He is quick to mention however, that post-heavy executions rely on a talented team to pull off. Rooster Post is lucky to have Track and Field VFX, a visual effects, design and compositing company under the same roof.

“I was very fortunate to have an incredible post production team led by our two senior Flame Artists Mike Bishop and Ernie Mordak and our two incredibly talented animators Steven Hollman and Tom Morrison.” Says De Carlo, “We really tried to give every media sector some great memorable moments. Steven set the tone in the early stages with very intricate ‘Style Frames’ of what he thought the animation could do to help elevate the spot’s appeal. Having Steven down the hall was such a great asset to help the agency visualize the animated sections of the spot. Eric Whipp at Alter Ego Post did the final colour grade, creating a subtle yet extremely rich connection through all the material. He made all the footage regardless of the medium feel natural in the spot.”

The campaign drives home the message that creating entertainment the whole world enjoys brings thousands of jobs, and billions of dollars to Ontario. “Be a part of it. We’ve got it going ON.” And that’s great news for the 300,000 people currently working in the creative media sector in Ontario – one of the fastest growing industries in this province.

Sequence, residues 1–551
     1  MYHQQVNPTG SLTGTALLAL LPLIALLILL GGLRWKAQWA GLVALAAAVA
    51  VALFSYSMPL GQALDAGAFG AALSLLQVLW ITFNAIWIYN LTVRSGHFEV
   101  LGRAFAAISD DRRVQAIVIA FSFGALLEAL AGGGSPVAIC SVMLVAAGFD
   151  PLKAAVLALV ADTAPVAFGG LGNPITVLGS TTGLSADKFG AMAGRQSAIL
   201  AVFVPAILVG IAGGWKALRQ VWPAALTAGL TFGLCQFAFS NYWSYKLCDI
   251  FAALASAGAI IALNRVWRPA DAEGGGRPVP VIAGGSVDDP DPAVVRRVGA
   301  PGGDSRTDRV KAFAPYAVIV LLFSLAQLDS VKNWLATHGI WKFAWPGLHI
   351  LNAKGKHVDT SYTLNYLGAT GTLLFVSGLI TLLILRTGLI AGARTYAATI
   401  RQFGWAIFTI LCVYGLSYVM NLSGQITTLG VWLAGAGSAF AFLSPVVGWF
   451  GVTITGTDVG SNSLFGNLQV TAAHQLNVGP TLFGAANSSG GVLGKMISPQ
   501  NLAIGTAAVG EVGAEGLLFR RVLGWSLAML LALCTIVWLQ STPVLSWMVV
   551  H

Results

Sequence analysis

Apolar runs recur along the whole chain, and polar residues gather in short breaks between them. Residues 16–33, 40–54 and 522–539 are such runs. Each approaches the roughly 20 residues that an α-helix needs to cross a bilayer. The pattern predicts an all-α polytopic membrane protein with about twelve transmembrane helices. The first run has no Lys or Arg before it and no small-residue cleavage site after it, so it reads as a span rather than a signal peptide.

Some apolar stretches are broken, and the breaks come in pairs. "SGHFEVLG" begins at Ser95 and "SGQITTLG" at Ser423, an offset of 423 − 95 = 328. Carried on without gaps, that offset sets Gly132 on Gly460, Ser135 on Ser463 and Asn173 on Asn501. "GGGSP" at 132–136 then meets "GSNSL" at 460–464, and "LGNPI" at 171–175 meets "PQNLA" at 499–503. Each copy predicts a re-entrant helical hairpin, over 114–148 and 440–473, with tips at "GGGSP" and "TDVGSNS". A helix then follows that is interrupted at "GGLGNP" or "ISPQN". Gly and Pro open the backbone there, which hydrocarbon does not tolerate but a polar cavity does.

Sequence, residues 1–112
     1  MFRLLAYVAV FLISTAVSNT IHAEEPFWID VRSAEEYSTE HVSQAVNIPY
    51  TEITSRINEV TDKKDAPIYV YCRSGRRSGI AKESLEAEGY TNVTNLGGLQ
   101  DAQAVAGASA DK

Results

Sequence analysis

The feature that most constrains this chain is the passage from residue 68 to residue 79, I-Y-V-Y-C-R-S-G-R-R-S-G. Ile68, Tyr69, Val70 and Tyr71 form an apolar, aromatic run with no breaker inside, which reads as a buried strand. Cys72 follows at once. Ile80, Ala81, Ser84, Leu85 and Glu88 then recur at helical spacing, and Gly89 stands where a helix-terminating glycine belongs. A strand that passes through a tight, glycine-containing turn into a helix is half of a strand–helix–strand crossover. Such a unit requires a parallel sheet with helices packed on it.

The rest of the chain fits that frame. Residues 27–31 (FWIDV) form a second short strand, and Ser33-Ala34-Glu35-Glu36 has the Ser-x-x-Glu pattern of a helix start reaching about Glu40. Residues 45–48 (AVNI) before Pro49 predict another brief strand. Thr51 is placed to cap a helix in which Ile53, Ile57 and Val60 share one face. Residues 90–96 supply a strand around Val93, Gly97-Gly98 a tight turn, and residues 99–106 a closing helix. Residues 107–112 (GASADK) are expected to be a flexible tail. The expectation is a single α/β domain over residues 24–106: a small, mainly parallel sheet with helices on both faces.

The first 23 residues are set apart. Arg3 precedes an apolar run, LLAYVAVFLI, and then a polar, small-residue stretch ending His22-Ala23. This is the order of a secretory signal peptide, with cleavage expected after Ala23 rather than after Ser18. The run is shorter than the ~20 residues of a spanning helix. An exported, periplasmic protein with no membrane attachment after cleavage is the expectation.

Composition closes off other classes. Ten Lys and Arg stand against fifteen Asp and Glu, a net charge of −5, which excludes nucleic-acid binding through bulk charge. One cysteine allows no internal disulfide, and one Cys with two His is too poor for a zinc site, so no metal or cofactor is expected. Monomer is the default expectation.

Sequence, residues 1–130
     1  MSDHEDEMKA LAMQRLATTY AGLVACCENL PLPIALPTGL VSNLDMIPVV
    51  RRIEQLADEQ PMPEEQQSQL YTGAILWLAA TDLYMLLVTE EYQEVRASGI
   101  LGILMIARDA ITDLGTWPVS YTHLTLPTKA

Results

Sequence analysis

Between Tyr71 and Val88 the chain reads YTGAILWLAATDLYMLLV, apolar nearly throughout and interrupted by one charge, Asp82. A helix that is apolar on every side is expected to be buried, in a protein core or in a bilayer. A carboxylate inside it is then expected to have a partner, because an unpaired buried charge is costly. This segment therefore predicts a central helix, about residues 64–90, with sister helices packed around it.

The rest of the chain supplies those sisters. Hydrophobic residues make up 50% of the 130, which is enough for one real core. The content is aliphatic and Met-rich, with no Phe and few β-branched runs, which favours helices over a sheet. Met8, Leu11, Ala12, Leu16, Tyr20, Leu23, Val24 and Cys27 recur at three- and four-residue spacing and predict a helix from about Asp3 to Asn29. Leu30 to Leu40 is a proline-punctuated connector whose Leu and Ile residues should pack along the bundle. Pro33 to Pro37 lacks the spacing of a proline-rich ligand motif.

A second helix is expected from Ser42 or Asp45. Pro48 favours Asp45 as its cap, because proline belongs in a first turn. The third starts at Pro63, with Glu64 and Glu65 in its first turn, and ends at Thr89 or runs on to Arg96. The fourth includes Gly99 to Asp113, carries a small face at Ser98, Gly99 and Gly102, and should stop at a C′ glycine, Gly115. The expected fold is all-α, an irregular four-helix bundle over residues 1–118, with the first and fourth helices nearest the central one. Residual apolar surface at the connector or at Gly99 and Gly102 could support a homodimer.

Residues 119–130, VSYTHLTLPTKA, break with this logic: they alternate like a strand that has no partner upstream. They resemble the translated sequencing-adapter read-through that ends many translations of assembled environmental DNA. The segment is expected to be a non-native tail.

Agency – Brandworks International Inc.
Agency Executive Producer: Ron Chapman
Agency Producer: Kate Dale
Creative Director: Michael Clancy
Group CD: Frank Tino
Art Director: Amanda Wood
Principal, Account Director: Lorne Kirshenbaum
Account Director: Bill Macdonald
Account Supervisor: Alexandra De La Cadena
Editor & Technical Director: Dave De Carlo
Editorial Assistant: Yumi Suyama
Post Production: Rooster Post Production
Online House: Track & Field VFX
Design Director/Track & Field VFX : Steven Hollman
Animation & Graphics: Tom Morrison, Andrew Vucko
Inferno & Smoke Artists: Mike Bishop & Ernie Mordak
Colour: Eric Whipp @ Alter Ego
Music: Boombox Sound
Music Track/Voice: Metric “Gimme Sympathy” Emily Haines